14. Note that 1/3 pressure does NOT mean 1/3 fuel used. I'm interested to see how the burner works out for you. I don't think I've ever seen one that long and narrow in action.
  15. A vacuum chamber need not be elaborate. I used the compressor off a dehumidifier someone was tossing out and a 2 quart canning jar when starting out. The Cactus Juice cost more than the fittings and other parts I used to make it.
  16. Hmmm. I thought that was from Donald Sutherland's character in the movie "Backdraft"
  17. Got any pics of your sen and the blade you used it on by chance?
  18. Standard 7018 rod is a challenge to use with an AC only buzz box. The 7018AC rod works much better, but I always end up using significantly higher amps than the same diameter of 6011 or 6013. For 7018 rod especially, keep an old file nearby that you can use to rough up the end of the electrode if it has cooled down. That makes striking your next arc much easier.
  19. My personal experience is different than yours. I agree in the sense that it takes a certain amount of fuel combined with the right amount of air to produce a certain level of heat per unit of time. However, I get plenty of swirl in my forge using a naturally aspirated ribbon burner. I also get a far more even heat than I did with a single port burner. There is no noticeable hot spot anywhere in the forge once up to temperature. My forge is quite small - around 240 cubic inches. It also seems to me that since the smaller flames lose momentum more quickly than a single larger flame, more of the heat stays in the forge a little bit longer which results in slightly better efficiency than I got with the same orifice/mixing tube setup as a single port burner. Your mileage may vary. BTW I've never heard of anyone running a forced air ribbon burner using 5 psi through a 1/4" gas supply orifice. Usually people with that size gas supply opening report running around 1/2 psi.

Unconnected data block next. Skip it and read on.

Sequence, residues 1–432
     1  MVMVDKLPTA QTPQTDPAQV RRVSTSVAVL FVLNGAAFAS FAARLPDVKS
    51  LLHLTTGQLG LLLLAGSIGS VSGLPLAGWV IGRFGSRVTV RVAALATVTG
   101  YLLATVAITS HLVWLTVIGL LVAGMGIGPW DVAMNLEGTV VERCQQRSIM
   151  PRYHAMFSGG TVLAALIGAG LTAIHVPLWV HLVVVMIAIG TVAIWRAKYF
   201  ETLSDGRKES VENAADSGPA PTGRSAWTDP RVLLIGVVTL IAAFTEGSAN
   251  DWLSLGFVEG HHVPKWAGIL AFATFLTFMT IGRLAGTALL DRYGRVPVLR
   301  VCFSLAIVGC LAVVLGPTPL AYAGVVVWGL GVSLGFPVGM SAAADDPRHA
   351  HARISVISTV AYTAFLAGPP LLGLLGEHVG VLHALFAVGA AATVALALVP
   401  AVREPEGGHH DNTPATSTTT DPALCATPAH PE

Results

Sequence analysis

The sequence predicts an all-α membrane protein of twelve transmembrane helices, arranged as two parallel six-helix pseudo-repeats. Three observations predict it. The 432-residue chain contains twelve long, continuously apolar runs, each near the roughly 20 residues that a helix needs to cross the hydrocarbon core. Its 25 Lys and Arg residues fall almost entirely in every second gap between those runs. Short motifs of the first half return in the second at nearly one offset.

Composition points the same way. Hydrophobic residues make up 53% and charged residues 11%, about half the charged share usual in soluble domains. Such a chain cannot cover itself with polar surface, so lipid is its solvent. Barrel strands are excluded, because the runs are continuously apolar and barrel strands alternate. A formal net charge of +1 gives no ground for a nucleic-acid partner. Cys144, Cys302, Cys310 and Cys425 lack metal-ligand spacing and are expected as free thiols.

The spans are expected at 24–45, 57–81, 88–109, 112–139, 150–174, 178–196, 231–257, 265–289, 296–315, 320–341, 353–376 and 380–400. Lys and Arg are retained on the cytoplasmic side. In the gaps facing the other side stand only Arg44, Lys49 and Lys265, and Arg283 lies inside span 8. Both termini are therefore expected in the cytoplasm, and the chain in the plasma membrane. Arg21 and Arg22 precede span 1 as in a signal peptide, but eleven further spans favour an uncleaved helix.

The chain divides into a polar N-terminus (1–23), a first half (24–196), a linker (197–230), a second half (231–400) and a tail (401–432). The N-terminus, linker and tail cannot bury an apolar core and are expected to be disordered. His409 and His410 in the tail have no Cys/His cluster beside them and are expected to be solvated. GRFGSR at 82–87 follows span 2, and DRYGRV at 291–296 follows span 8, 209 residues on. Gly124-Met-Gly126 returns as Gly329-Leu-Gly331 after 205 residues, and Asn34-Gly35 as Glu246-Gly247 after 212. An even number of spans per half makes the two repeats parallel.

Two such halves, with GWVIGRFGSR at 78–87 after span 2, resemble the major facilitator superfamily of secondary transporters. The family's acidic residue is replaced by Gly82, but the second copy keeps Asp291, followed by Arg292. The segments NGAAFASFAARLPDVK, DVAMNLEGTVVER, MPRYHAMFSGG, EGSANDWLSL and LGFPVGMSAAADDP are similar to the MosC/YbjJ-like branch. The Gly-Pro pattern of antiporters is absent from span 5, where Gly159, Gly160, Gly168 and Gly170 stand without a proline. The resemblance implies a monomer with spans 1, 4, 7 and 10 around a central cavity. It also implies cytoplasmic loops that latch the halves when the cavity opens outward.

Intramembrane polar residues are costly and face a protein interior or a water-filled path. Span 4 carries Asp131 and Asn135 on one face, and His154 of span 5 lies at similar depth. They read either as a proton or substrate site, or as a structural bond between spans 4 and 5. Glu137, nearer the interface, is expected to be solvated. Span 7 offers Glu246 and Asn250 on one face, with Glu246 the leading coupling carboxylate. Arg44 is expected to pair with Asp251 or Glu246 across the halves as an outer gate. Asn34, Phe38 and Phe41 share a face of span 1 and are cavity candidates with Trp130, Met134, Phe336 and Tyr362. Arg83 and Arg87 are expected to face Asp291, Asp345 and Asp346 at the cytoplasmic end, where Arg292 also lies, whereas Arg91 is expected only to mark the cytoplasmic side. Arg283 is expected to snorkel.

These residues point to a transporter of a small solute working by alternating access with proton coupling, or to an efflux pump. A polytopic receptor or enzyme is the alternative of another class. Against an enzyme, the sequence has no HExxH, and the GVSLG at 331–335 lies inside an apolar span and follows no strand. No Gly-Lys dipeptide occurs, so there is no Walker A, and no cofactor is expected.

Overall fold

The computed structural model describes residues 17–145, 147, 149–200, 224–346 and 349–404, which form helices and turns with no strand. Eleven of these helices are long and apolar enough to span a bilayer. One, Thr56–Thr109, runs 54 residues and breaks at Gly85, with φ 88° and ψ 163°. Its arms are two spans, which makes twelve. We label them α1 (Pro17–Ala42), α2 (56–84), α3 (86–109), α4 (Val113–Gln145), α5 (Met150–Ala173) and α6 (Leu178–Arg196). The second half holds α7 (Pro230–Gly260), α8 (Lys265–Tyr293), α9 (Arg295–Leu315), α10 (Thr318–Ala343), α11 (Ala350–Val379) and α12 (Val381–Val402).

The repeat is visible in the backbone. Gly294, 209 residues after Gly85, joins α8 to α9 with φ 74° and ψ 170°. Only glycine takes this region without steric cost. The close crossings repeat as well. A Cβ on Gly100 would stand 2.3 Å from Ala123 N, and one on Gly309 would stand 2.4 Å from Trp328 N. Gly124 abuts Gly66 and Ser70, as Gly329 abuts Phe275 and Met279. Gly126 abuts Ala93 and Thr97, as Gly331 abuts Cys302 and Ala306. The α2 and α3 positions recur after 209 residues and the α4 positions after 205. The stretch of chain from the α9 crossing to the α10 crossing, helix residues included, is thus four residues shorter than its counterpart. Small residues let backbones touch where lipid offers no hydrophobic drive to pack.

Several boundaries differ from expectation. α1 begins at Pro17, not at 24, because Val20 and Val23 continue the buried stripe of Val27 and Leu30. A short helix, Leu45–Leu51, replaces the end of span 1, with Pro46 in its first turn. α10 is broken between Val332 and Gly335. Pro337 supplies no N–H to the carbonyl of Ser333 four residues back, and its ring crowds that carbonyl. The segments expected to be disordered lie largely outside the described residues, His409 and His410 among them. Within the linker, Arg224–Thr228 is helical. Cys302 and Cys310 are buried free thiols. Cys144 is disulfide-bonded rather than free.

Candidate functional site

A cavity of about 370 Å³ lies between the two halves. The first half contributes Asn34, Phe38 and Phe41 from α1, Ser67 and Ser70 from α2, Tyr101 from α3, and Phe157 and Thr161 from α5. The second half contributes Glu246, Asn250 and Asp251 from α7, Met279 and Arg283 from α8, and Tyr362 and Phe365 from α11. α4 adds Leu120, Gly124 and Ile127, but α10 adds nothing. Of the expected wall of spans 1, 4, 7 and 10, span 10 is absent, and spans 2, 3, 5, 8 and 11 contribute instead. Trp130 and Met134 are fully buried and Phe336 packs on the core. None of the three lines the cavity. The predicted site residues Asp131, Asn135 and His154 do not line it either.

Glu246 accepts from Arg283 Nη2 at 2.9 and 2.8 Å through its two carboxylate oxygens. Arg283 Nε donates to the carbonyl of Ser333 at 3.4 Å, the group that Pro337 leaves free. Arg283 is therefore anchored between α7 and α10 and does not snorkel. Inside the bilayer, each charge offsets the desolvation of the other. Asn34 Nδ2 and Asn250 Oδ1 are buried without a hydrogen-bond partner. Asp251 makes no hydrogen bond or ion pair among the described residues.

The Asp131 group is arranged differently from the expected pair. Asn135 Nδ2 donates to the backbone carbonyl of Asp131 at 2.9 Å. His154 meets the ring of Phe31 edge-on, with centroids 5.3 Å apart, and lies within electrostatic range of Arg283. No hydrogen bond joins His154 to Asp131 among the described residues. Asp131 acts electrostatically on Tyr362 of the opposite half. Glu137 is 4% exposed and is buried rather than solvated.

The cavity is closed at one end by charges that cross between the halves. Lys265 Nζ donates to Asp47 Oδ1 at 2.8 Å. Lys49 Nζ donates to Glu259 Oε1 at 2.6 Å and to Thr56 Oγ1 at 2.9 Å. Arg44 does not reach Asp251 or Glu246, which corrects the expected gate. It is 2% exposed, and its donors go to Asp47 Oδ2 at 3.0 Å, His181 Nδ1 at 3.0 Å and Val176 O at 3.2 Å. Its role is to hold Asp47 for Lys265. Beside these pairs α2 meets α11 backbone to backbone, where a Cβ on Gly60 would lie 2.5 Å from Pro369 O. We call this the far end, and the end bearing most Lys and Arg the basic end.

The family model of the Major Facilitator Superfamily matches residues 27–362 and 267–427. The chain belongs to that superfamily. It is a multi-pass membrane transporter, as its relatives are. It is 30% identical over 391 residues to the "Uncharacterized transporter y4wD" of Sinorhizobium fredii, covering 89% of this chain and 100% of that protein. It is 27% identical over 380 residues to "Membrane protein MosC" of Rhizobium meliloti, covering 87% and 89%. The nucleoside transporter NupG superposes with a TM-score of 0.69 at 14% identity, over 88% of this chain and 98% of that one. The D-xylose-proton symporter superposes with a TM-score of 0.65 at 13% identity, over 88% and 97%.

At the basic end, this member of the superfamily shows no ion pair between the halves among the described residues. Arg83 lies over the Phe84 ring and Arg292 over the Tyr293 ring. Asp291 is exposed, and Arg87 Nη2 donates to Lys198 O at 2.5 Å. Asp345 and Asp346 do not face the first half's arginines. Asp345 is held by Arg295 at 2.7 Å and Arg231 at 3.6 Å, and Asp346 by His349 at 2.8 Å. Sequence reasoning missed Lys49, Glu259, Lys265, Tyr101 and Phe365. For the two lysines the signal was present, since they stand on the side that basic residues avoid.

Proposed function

20. I'm fairly certain it's illegal to have a flat horizontal surface that large with no appreciable amount of clutter on it. I've never used unistrut on anything, so I have no frame of reference here, but I'm curious if you have trouble with debris falling in and making it difficult to slide items along the channels.
  21. Yeah, but what's more fun and satisfying? Pushing a mower around someone else's yard or playing with fire, steel, and hammers? Plus after succeeding on a project like that there is a profound sense of accomplishment that has significant benefits to mental well-being. At least that's the type of reasoning I use to justify my actions to myself and my wife when engaging in a project that doesn't appear to make economic sense.
  22. Since you are using a blown burner this is mostly irrelevant. Too small an orifice can limit the gas flow and therefore your max temp, but you do not seem to have that issue. The only real value of a small gas inlet orifice like a mig tip on a blown burner is creating pressure in the supply line that you can reference with a gauge which will allow you to "dial in" specific temperatures that you can repeat easily. You still have to adjust the air supply properly, so even that is of limited value. If you're getting the temps you want then there is no need to change it. If you can't get the temps you desire then you may want to use a larger gas supply orifice.
  23. Keep in mind that the size of the drive wheel makes a big difference in speed and power. The bigger the drive wheel the greater the speed (surface feet per minute), but the lower the effective power. Normally you see drive wheels in the 3 to 5 inch diameter range even with 2 or 3hp motors powering them.
  24. Interesting design. A couple thoughts though. If it has a belt tracking adjustment I didn't spot it in the photos. The variation in belts makes that a necessity. Secondly you will need a flat platen, but I assume there is a plan for that. Most importantly, that is not nearly enough HP for a 2x72 belt grinder. You really want to be in the 1.5 to 3 hp range if you plan to do any real grinding. I stalled a 1 hp motor frequently with moderate pressure before I upgraded. Looks like TP beat me to it and with pretty much the same issues.